Editorial: Celebrity politics-A A +A
Wednesday, October 24, 2012
A COMMISSION on Elections (Comelec) report confirms that more celebrities are seeking office in 2013. A seat in the House of Representatives is among the most popular targets.
The report states that reelection is on the minds of Reps. Manny Pacquiao of Sarangani, Lani Mercado of Cavite, Lucy Torres-Gomez of Leyte and Dan Fernandez of Laguna. Those who hope to join them include Alfred Vargas, Joey Marquez, Lino Cayetano, Imelda Papin, Joel Lamangan, Christopher de Leon, Aga Muhlach, Rez Cortes and, in Cebu City, Annabelle Rama.
The phenomenon is not new, but it is increasing. One reason for the rising influence of celebrity culture on politics is the continued blurring of the lines between information and entertainment. For most of the media and the celebrity establishment, the arrangement offers mutual benefit. It allows media organizations to reach more (and more distracted) audiences, while at the same time enabling celebrities to enhance their personal brand.
Not that celebrity involvement in the pressing issues of the day is necessarily a bad thing. Celebrity activists, after all, have succeeded in bringing to a wider audience a host of problems like hunger, Third World debt, climate change, and human rights violations.
Some celebrities enjoy not just quick name recall, but also arguably more credibility than politicians. When Angelina Jolie speaks about the plight of refugees or when George Clooney gets arrested in a protest, their stock rises because they don’t seem to be in it for personal gain, like winning public office. Sting, who is scheduled to perform in the Philippines in December, lent his star power to environmentalists campaigning to save more trees, when he refused earlier this week to hold his concert in one of SM’s venues.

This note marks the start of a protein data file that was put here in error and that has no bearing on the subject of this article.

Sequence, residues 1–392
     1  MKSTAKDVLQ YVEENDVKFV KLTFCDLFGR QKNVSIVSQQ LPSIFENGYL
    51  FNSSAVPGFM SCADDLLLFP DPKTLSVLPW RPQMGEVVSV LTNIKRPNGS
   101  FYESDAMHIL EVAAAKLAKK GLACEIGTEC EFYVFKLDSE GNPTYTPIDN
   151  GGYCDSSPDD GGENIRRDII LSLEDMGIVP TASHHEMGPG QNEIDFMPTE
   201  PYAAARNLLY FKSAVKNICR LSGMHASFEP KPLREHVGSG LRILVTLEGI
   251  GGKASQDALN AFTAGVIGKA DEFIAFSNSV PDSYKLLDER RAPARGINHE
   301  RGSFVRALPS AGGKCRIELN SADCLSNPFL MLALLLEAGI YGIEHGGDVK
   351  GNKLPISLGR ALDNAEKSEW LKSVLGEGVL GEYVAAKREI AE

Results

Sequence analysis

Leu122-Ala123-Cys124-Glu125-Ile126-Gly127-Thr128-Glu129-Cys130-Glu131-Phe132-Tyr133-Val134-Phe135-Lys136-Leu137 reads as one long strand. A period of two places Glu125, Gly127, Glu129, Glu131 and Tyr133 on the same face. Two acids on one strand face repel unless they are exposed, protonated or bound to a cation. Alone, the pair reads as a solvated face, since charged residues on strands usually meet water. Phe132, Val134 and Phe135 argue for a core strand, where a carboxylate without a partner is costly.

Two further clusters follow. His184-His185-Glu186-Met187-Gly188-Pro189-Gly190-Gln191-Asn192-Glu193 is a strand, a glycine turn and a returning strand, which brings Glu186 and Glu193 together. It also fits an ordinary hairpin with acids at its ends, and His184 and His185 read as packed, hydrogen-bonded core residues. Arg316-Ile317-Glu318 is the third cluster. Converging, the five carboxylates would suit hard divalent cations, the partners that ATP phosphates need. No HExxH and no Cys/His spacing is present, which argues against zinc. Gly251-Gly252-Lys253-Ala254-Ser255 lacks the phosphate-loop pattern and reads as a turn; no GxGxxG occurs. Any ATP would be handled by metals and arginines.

Lending a popular face to a technical subject is one thing, however, and using one’s fame to win public office is another.
It would be undemocratic to ask that more stringent requirements for public office be legislated. But it also bears pointing out that not every celebrity has invested the time and energy studying complex problems and their equally complicated solutions.
This is why we’ve had the spectacle of one celebrity offering to give up her salary—her handbag money, was how she put it—if she does get elected to Congress.
Ultimately, it is the voters’ call. We can only hope that they see past the entertainment value of celebrities taking the campaign trail, and use their street smarts and discernment to vote only for those with the ability (and track record) in solving community problems.
Published in the Sun.Star Cebu newspaper on October 24, 2012.